The Catlins and Around the West Coast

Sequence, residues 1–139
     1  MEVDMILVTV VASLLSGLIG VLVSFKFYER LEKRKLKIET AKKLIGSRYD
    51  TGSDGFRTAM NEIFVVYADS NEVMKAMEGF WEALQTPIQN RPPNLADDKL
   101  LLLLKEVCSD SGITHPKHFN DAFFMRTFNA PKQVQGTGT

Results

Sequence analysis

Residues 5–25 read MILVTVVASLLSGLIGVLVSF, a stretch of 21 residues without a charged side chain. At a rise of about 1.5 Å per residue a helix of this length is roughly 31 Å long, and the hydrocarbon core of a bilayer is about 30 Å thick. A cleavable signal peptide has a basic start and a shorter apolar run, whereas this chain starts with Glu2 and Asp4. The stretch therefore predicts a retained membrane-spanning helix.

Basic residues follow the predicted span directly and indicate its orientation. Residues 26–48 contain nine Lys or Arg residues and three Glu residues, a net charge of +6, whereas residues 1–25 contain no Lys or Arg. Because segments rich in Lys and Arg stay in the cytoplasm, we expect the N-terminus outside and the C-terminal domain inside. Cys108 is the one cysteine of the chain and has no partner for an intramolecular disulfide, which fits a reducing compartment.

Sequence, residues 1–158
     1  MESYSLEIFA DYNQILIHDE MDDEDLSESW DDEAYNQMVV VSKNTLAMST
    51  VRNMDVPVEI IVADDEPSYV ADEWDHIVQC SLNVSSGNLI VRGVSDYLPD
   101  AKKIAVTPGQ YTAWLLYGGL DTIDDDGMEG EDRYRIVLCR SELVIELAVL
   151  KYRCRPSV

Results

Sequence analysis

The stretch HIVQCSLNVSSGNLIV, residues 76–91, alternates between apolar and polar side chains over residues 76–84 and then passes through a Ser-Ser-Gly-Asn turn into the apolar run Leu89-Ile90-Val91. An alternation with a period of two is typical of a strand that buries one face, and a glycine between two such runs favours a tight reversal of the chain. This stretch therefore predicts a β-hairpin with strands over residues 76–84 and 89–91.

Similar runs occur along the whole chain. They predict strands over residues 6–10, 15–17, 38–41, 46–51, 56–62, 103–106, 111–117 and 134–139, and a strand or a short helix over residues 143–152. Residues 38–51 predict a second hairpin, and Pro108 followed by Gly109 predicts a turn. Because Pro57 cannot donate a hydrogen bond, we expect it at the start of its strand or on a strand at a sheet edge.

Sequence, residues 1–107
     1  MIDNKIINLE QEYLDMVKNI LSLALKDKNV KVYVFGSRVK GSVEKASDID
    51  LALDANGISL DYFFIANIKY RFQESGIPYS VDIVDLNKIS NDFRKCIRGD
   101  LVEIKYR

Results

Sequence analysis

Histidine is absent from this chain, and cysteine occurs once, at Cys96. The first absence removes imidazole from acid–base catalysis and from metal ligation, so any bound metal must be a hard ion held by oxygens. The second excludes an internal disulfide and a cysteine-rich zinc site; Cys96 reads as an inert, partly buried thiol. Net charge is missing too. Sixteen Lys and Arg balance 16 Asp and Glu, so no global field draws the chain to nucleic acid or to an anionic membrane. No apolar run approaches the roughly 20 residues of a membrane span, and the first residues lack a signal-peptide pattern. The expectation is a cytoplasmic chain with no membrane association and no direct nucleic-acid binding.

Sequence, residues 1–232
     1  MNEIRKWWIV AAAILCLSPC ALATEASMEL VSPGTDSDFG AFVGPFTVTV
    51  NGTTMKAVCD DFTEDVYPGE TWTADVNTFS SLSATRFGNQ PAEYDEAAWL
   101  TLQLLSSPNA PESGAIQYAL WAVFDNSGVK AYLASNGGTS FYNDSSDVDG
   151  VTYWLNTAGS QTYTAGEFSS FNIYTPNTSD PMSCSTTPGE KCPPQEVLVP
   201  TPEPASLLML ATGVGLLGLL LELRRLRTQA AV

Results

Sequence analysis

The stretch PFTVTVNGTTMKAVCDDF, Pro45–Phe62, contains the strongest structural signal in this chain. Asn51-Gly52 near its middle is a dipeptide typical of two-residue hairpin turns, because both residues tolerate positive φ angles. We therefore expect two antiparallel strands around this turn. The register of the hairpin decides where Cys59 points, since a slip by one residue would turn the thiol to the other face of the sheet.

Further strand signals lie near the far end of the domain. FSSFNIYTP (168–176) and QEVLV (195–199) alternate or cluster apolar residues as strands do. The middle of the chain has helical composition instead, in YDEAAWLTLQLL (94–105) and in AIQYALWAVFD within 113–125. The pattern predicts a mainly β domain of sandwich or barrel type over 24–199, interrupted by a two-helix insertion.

[su_spoiler title=”Photo Gallery (click to view)” style=”fancy” icon=”caret-square”] [su_custom_gallery title=”Click on a photo to view” source=”media: 1832,1831,1830,1829,1828,1827,1826,1825,1824,1823,1822,1821,1820,1819,1818,1786,1787,1788,1789,1796,1795,1794,1793,1792,1791,1790,1797,1798,1799,1800,1801,1802,1803,1804,1805,1806,1807,1808,1809,1810,1817,1816,1815,1814,1813,1812,1811,1810,1803,1802,1809,1808,1801,1807,1800,1799,1806,1805,1798,1804,1797,1796,1789,1788,1787,1786,1795,1794,1793,1792,1791,1790″ limit=”73″ link=”lightbox”] [/su_spoiler] [su_spoiler title=”Video Gallery (click to view)” style=”fancy” icon=”caret-square”] No Videos [/su_spoiler] We have zipped around the south coast and west coast of the South Island now. I am writing this post from Ruby Bay which is about a half hour from Nelson. We have been house sitting for the past six days. We are a thirty second walk from the beach but today there is crazy winds and rain. Unlike my last post though we have actually had some nice weather… Until today that is. After the Easter weekend we left Dunedin heading south. Between Dunedin and Invercargill at the far south is the Catlins. The Catlins is actually rain forest meets the ocean coast. We drove and stopped often as we drove through the Catlins. Our first stop was at Nugget Point. This is only about an hour or so from Dunedin. There is a lighthouse at Nugget Point that is about a twenty minute walk from the car park. The sight here though is the large rocks off the point that have been eroded by the waves and resemble nuggets of gold. We stayed that night at Surat Bay. From our cold accommodation we walked up the beach just before sunset. We saw a single sea lion laying on the sand. He seemed to careless that we were there. I call it our cold accommodation because there was no heat in our room. It was one of the coldest places we have stayed yet. The next morning we went Jack’s Blowhole. This was close to Surat Bay. It is a large sinkhole down to the sea which has eroded the land underneath and now flows 200 m inland and under the ground. The water comes in under the land and the waves crash and splash in the air which is visible from a lookout overlooking the blowhole. It is called a blowhole because it resembles the blowhole of a whale but the water does not splash out of the hole. After the blowhole we went to the Cathedral Caves. We had to get there at low tide… Actually 1.5 hours before low tide. That was 1:45pm that day. The caves are carved into the coastline by the tides. During low tide you can walk along the beach and walk right into them. The ceilings are about 30m high. We walked in one entrance which you actually have to climb over some rocks to get in without walking through waist deep water. Then you walk in to the end and out the other entrance/exit. I was taking a picture of the west entrance and did not notice the tide creep up behind me and soak my shoes. That night we stayed at a park called the Whistling Frog not far from Cathedral Caves. Our room was a little cabin about 8′ x 10′. It was a cute little place. Once we checked in there we went up to MacLean Falls. One of the highlights of the Catlins is the numerous waterfalls. The walk is a forest walk to a stunning set of waterfalls. Once again it was wet and cold as we did this. Perhaps to be expected in the rainforest. The following day might be described as a day of waterfalls. First we backtracked a bit. Purakanui Falls was back towards Surat Bay. We had missed it the previous day because we were trying to get to Cathedral Caves by low tide. These falls are definitely picturesque. It was a much nicer day as well so good day for sightseeing. We stopped at Wilkie Lake which seems to be more of a pool than a lake. The water is completely still making for great reflection pictures. Next we stopped at Matai Falls which is a series of cascading waterfalls, each of the stops is a short hike in to see the site. The same day we were into the south Catlins. We had hoped to stay in The Curio Bay or Slope Point area but it was Anzac Day and things were filled up. We did some more sites through here though. In Curio Bay we went to the petrified forest. This is an ancient forest along the beach area that is now fossilized. The area is roped off so you cannot go far. Down the beach we saw one solitary penguin but it was quite a distance. We hiked around a bit and then drove over to Porpoise Bay. At the right time of year you can see Hectors dolphins here. Needless to say this was not the right time of year. We also stopped at Slope Point. This is the southernmost point of the South Island. You can go further south in New Zealand if you go to Stewart Island, which we did not. After Slope Point we decided to head to Invercargill, or more accurately to Bluff (outside of Invercargill). Unfortunately the weather when we got to Bluff was not good and we really saw nothing. Same with Invercargill the next day. We were now done with the Catlins. We more or less drove the following day. We went from Bluff all the way to Milford Sound. It rained pretty much all day. The weather forecast for Milford Sound showed some sun for the next day surrounded by days of rain. The next day would be our best and only chance to see Milford Sound. We stopped briefly for lunch in Te Anau. Again eating out is very expensive. The drive from Te Anau to Milford Sound is an experience in itself. The weather was improving as we progressed. The area is mountainous. While we could not see the tops of mountains through the clouds you could see the valleys which were quite lovely. At one point you go through a tunnel through the centre of a mountain. You have to wait at a stoplight for the oncoming vehicles because it is one lane only. On the far side of the tunnel there were a couple of kea hanging around people outside of their cars. Kea are large flightless green parrots. They can be naughty birds so you are not supposed to give them anything. These people apparently did not hear that. They can cause damage to cars by pulling at the rubber around your windows or on your windshield. We did not see that though. On the far side of the tunnel you have several kilometres of switchbacks as you descend towards Milford Sound. The weather on this side was notably clearer than the other side of the mountain. The last stretch into Milford Sound was quite picturesque. We spent that night in a dorm room at a lodge. Nicola likes to point out how cranky I get in dorm rooms. When we came to NZ I was feeling like I was done with dorm rooms. I admit I get cranky but in my defence I have done them for the past ten months. The only dorm rooms we have stayed in NZ are when there has been no other choice or the cost is ridiculous for our own private room. It has only happened a few times. We stayed in a dorm room at Milford Sound because there was no other choice. We could have stayed in Te Anau and come to Milford Sound early the next morning but we did not want to miss our only clear day. This dorm room made me crankier than normal. For one thing it was incredibly smelly in it. The other 6 people had been on long treks and they smelled. Also, it was brutally hot in our room. I was on a top bunk and I am sure it was 28 degrees up there. I found out the next day that it was Nic who had turned the heat up but could not turn it down in the dark room because the control was behind one of our roommates beds. The next morning we were up early and heading for a 9am boat. Milford Sound is famous mostly for its boat cruises through the fjords. There are several companies running cruises. We picked a company called Jucy. The cost was $45 each. This was for the first boat of the day. Each time has a different price we think to encourage people to book the less busy cruises. The Jucy Cruzes also have a Pita Pit on board and the first cruise included a free pita. Nicola also found a coupon for 10% off so we paid about $40 for our cruise including breakfast. The cruise is an hour and a half long. It goes all the way out to the inlet of the sound at the Tasman Sea. Our plan to get here this day paid off for us. The day was beautiful. The day before had been terrible apparently. Milford Sound is one of the most beautiful areas we have seen in NZ so far. Don’t get me wrong, NZ is beautiful everywhere we have been but this was spectacular. After our cruise we began our drive back to Te Anau. We had a beautiful day to stop and enjoy the scenery. We did not see it like this the day before. Now the weather was cooperating and we took our time getting to Te Anau. We stopped at many lookouts to take pictures and stopped a couple of times for short hikes. Our big stop however was for a 3 hour return hike up to Key Hill. At the top there was a lookout spot where you can see Marion Lake. It is a lake high in the mountains. We spent that night at a YHA in Te Anau. There are two main choices for backpackers in NZ… YHA or BBH. There are some others but these two seem to be the best choices. YHA are nicer hostels but are more expensive. BBH is cheaper but there are many more of them. This was our first YHA. We joined BBH which got us a discount but we may end up having paid more for our membership in the end. Who knows? This was the only place that seemed to be available. We now had a bit of a time crunch for ourselves. We had agreed to house sit in Ruby Bay and needed to get there by the 30th. This gave us three days to get up the west coast. That was a bit faster than we have been going but we were looking forward to the house sitting nonetheless. We drove from Te Anau to Queenstown the next day. We planned on a couple of days in Queenstown. It is a very beautiful town set amongst the Southern Alps and on a lake. Most of the kids in the backpackers come to this area for adrenaline activities. Queenstown is famous for skydiving, bungy jumping, jet boating, parasailing, and more. I must say that it is all very expensive though. I am not sure how they can afford these activities. We did none of those things though. We enjoyed wandering around the gardens and the town. One thing they do in Queenstown that I might have tried if we stayed longer is frisbee golf. I think we should do this in Fort Smith. Maybe we could set it up at the RCMP golf course. It looks like lots of fun. After a couple of easy days in Queenstown we began two good days of driving. From Q-Town to Ruby was about 900km. It is throughout the mountains however so some of it can be slow going. We picked Franz Josef as our middle point and stopping point. There are two glaciers along the west coast that are on the back side of the same mountain range as Mt. Cook. Fox Glacier and Franz Josef Glacier. We stopped for lunch at one point and made ourself a picnic lunch. We learned from a bus load of Chinese tourists that the road between Haast and Fox Glacier was closing at 5pm. That could be a problem. Over the Easter weekend much of the island was hit by a bad storm. We had just left Oamauru in time and gotten to Dunedin in time to miss it. The west coast and north coast were hit badly. Roads were closed for days. Bridges were damaged. Thousands of huge trees were uprooted. We saw the results about a week after as we drove the west. We got to Haast at about 4pm and needed gas for the final 120km to Fox Glacier. The road was closed or more accurately closing. The guys who were closing it let through some vehicles but when we got to the road closed signs they were gone. We took a gamble and went around the signs. The road was almost empty. Occasionally we passed a car or two but saw none going our way. We knew that we would not have to go all the way back to Haast because we saw some lodges along the way. We were within about 30km of Fox Glacier when we came upon a bridge that was being closed. It was 5:20 pm… 20 minutes after the time we were told it would close. We had no idea where it would close. We were worried that it would be closed for days because it would be a long drive around to get to Ruby Bay. We were literally the last car they allowed through before they pulled a large truck onto the bridge to make repairs. We barely made it… Thank goodness we did. We got to Fox Glacier around dusk. We stopped into the view point for the glacier. It was a 20 minute hike into the view point. We got there as the sun was setting and created a beautiful red glow on the glacier which is the back side of Mount Cook. If you recall from our earlier travels we went to Mount Cook on the other side but never saw it. It was cover in cloud and rain. Now we were seeing Mt. Cook and it was beautiful. Oh, and of course, we were seeing the Fox Glacier. Once we made it to Fox we could relax a bit. I mean the rush was off. We made it through and we sighed a collective sigh of relief. We drove another 24km until we got to Franz Josef where we stayed the night. It was not the most beautiful hostel but it was only $60 for a private room and you could see the stars in the clear sky above the mountains. The manager told us tomorrow would be a beautiful day for seeing the glacier. We got going earlier than normal that day. We planned on a hike up to the glacier before finishing our drive to Ruby Bay. We actually did three hikes totally almost 3 hours. The first one was to the face of the FJ Glacier. You get within 500 m of the face I guess. Then we hiked to a hilltop view of the glacier. And finally to a lake called Mirror Lake. I think I liked Mirror Lake the best because you can take amazing pictures of the mountain and glacier reflections in this glass-like lake. We did not take the shortest possible route from FJ to Ruby Bay. We actually went through Westport so that we could see the Pancake Rocks along the way. We got to the Pancake Rocks in the early afternoon. We made ourselves some lunch and sat in a park eating our sandwiches. There were wekas hanging around. These are weird flightless birds. One of them grabbed a piece of Nic’s sandwich out of her hand. She screamed… I laughed. The Pancake Rocks are coastal limestone rocks that have formed in a strange layered structure that might look like stacks of pancakes. There is no fully agreed upon explanation of how this happened. The prevailing thought is that between the layers of shells and molluscs that solidified into the rocks there were layers of more mud like substance and so as the rocks were forming it was not in one contiguous matter but rather into alternating layers of materials of different density. That is my understanding of what I read anyway. The rocks line the coastal area now and are being eroded by waves and weathering. There is another area here called a blowhole. Same idea as Jack’s Blowhole. We made it to Ruby Bay by about 8pm that evening. The lady whose house and pets we are looking after had made us a beautiful home cooked meal. It was so nice to eat a home cooked meal because it has been so long for us since we have had one. Her name is Lesley Evans and she entrusted us with her hoe, her dog, and her cat for six days. We are steps from the beach and have two very affectionate animals in our car. Rez, the border terrier, is very funny. He gets very excited and does this weird little dance up to us to get some lovin. Andy, the cat, sleeps on our bed with us and regularly hops up on our lap right in front of the iPad screen. One day we went for a good long drive up through an area known as Golden Bay. There is a big national park in this area known as Abel Tasman. We did not go to the park for a few reasons but decided to drive up to the most northerly point on the South Island. Without our trunk and back seat filled with our stuff,mew decided to pick up a couple of hitchhikers. Hitch hiking in NZ is very popular with travellers. It is very safe and rarely do they have to wait more than 10 or 15 minutes to be picked up. The couple we picked up were from France. They were going to camp at the top of the island. They ended up sightseeing with us a bit as that is what we were doing. We stopped at a beautiful fresh water spring called Te Waikoropupu Springs. The water is so incredibly clear. It is amazing. We then drove on up to a place called Farewell Spit. There are beautiful shorelines and golden beaches in this area. At one of the beaches we saw a mother seal with her pups relaxing on some rocks. We watched one of the pups breast feeding for a while. After we dropped off this very nice young couple, we picked up a couple of Austrian boys. They were very nice but this may be why they say not to pick up hitchhikers. They had been camping and had B.O. We drove with the windows open most of the way even though it was pretty cool. We stopped a couple of times to buy some fresh fruit on the side of the road. This area is a fruit growing area. We bought apples and pears and something called fejoas. We also bought some kumara which is kiwi for sweet potato. On another day we drove into Nelson. It was a beautiful day but we only went in for a few hours. It was Saturday and went to the market. It was a good sized market. We bought some more fresh fruit and vegetables. We just wandered about but didn’t buy anything else. After the market, we walked to an area in Nelson known as the Centre of NZ. This is a hill in the middle of town that some say is the geographical centre of the country. It is about a 20 minute zigzag climb to the top of the hill. At the top you are rewarding with an amazing 360 vista of the area. We just sat there and enjoyed the beautiful sunshine. The sunshine seems to be done and Lesley will be back tomorrow. We are going to head to Picton for a day and then take the ferry to the North Island. We are house sitting again north of Auckland in about ten days. That only gives us a little time to explore the south half of the North Island. That’s all for now… More updates soon. Cheers. PS. Day after I typed this it is sunny and hot. Go figure